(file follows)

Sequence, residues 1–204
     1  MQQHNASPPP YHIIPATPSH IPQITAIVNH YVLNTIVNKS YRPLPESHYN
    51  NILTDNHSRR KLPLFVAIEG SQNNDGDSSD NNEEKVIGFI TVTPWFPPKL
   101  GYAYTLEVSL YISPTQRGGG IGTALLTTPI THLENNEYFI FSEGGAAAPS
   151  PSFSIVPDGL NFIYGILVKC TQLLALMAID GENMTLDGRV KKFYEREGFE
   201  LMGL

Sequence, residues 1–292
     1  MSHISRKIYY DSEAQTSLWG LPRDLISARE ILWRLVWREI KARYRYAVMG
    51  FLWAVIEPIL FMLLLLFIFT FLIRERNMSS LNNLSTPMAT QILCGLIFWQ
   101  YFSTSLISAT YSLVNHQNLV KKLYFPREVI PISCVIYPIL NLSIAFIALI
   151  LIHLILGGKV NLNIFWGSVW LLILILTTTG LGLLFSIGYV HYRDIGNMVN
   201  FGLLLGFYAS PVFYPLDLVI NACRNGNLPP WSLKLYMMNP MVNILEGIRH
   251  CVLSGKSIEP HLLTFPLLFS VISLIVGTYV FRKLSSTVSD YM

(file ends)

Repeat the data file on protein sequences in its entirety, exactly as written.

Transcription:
Sequence, residues 1–204
     1  MQQHNASPPP YHIIPATPSH IPQITAIVNH YVLNTIVNKS YRPLPESHYN
    51  NILTDNHSRR KLPLFVAIEG SQNNDGDSSD NNEEKVIGFI TVTPWFPPKL
   101  GYAYTLEVSL YISPTQRGGG IGTALLTTPI THLENNEYFI FSEGGAAAPS
   151  PSFSIVPDGL NFIYGILVKC TQLLALMAID GENMTLDGRV KKFYEREGFE
   201  LMGL

Sequence, residues 1–292
     1  MSHISRKIYY DSEAQTSLWG LPRDLISARE ILWRLVWREI KARYRYAVMG
    51  FLWAVIEPIL FMLLLLFIFT FLIRERNMSS LNNLSTPMAT QILCGLIFWQ
   101  YFSTSLISAT YSLVNHQNLV KKLYFPREVI PISCVIYPIL NLSIAFIALI
   151  LIHLILGGKV NLNIFWGSVW LLILILTTTG LGLLFSIGYV HYRDIGNMVN
   201  FGLLLGFYAS PVFYPLDLVI NACRNGNLPP WSLKLYMMNP MVNILEGIRH
   251  CVLSGKSIEP HLLTFPLLFS VISLIVGTYV FRKLSSTVSD YM